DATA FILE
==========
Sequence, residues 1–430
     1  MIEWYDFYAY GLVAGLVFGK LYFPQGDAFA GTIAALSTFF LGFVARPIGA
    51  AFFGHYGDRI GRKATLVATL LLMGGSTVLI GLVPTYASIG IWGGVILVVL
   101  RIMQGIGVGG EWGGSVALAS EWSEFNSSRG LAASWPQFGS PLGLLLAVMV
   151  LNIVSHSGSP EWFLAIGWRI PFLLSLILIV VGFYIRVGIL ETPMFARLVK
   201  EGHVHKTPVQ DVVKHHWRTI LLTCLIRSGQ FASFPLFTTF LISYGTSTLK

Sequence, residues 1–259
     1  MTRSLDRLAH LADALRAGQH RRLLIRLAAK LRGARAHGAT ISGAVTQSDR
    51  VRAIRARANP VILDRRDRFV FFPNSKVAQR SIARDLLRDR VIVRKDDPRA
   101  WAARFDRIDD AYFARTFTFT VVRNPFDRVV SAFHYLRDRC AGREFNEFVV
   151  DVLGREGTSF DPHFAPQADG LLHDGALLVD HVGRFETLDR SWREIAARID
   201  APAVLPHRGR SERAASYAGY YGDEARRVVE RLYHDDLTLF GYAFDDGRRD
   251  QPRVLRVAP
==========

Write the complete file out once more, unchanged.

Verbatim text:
Sequence, residues 1–430
     1  MIEWYDFYAY GLVAGLVFGK LYFPQGDAFA GTIAALSTFF LGFVARPIGA
    51  AFFGHYGDRI GRKATLVATL LLMGGSTVLI GLVPTYASIG IWGGVILVVL
   101  RIMQGIGVGG EWGGSVALAS EWSEFNSSRG LAASWPQFGS PLGLLLAVMV
   151  LNIVSHSGSP EWFLAIGWRI PFLLSLILIV VGFYIRVGIL ETPMFARLVK
   201  EGHVHKTPVQ DVVKHHWRTI LLTCLIRSGQ FASFPLFTTF LISYGTSTLK

Sequence, residues 1–259
     1  MTRSLDRLAH LADALRAGQH RRLLIRLAAK LRGARAHGAT ISGAVTQSDR
    51  VRAIRARANP VILDRRDRFV FFPNSKVAQR SIARDLLRDR VIVRKDDPRA
   101  WAARFDRIDD AYFARTFTFT VVRNPFDRVV SAFHYLRDRC AGREFNEFVV
   151  DVLGREGTSF DPHFAPQADG LLHDGALLVD HVGRFETLDR SWREIAARID
   201  APAVLPHRGR SERAASYAGY YGDEARRVVE RLYHDDLTLF GYAFDDGRRD
   251  QPRVLRVAP